QUICK TRIP TO HAVANA
Five delicious ways to get a taste of the Cuban capital.
Proudly touted as Cuba’s first “real” luxury hotel, this former 19th-century shopping arcade underwent a five-year facelift before opening as a hotel in June 2017 with a refurbished facade and cool grey and teal interiors by South African studio Archipolitan. Start your exploration in the basement to see a preserved portion of the 350-year-old colonial wall that once protected the city and harbour from marauding pirates. Next, order a basil mojito at Constante Bar – named after El Floridita’s famed cocktail king Constantino Ribalaigua Vert, credited for making Ernest Hemingway’s favourite daiquiri – before ending up on the roof to catch the sun setting over El Capitolio from the infinity pool.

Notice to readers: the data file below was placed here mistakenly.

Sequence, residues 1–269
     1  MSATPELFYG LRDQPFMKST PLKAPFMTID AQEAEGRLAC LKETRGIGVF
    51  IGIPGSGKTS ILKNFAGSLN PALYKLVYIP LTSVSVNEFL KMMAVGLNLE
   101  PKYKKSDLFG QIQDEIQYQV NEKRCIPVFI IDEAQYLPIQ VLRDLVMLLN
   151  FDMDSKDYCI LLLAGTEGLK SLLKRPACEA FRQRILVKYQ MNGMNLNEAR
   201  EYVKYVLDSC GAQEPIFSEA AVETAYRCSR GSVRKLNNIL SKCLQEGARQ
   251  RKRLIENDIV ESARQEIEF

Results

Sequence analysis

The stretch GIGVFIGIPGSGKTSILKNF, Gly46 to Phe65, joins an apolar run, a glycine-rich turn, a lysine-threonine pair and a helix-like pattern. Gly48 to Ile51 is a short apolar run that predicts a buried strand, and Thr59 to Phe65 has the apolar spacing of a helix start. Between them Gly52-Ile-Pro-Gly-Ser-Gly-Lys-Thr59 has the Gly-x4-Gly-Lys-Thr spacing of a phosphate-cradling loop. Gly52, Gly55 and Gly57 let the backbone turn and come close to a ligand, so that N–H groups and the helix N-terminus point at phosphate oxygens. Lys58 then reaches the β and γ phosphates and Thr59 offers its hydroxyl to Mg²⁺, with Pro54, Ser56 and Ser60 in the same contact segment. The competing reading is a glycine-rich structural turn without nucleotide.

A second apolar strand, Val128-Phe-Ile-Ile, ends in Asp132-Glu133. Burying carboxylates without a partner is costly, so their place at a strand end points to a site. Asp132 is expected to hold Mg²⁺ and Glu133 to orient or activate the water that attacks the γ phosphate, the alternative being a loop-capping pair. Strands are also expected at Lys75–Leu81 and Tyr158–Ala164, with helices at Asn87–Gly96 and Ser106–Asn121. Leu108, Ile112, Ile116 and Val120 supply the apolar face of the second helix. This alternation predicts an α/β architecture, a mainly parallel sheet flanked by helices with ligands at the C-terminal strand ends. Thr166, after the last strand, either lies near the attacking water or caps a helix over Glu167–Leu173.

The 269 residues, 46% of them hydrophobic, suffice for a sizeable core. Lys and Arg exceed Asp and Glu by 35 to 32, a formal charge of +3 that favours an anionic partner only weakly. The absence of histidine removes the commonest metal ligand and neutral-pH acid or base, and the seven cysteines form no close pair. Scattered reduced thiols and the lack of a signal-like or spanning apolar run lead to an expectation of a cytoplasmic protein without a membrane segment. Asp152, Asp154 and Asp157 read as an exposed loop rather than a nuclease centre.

A swirling metal art installation affixed to the yellow wall of this bustling new paladar spells out the words Inventiva Nacional (national inventiveness). You can taste the creativity in chef Dany Echevarría López’s tender leg of lamb (slowly braised in red wine, tomato, eggplant and cinnamon) and his Esfera de Guayaba, a guava cream cheese-filled orb sprinkled with crumbled graham cracker and mint sprigs – the perfect hit of sweet and sour. Duck into an unassuming doorway at O’Reilly 303 and follow the sound of whirring blenders and clinking ice cubes to a spot at the bar lined with vases of fresh celery leaf, cilantro and parsley, all sourced from Finca Santa Marta, near Varadero. Ask bartender Wilson for an Under the Bridge, an off-menu daiquiri made with habanero and mango that he was inspired to create while listening to the Red Hot Chili Peppers. Inside a former 18thcentury mansion, the scents of mariposa, sandalwood and even chocolate waft from rows of brightly coloured ceramic bottles filled with fragrances made with Cuban ingredients. Don’t miss the retro lab space in the back, where the perfumes are concocted – a blackboard scribbled with chemical compound equations hangs above a backlit counter of antique glass decanters. Locals head to this openair market on Calle San Rafael early in the day when the meat is freshest and the best produce is available (all stalls must charge the same prices, so quality determines what sells first). Wander aisles lined with plantain, lime and malanga, keeping an eye out for the gangs of resident cats on the tin roof above the butchers’ stalls, lounging as they wait for choice scraps to be tossed their way.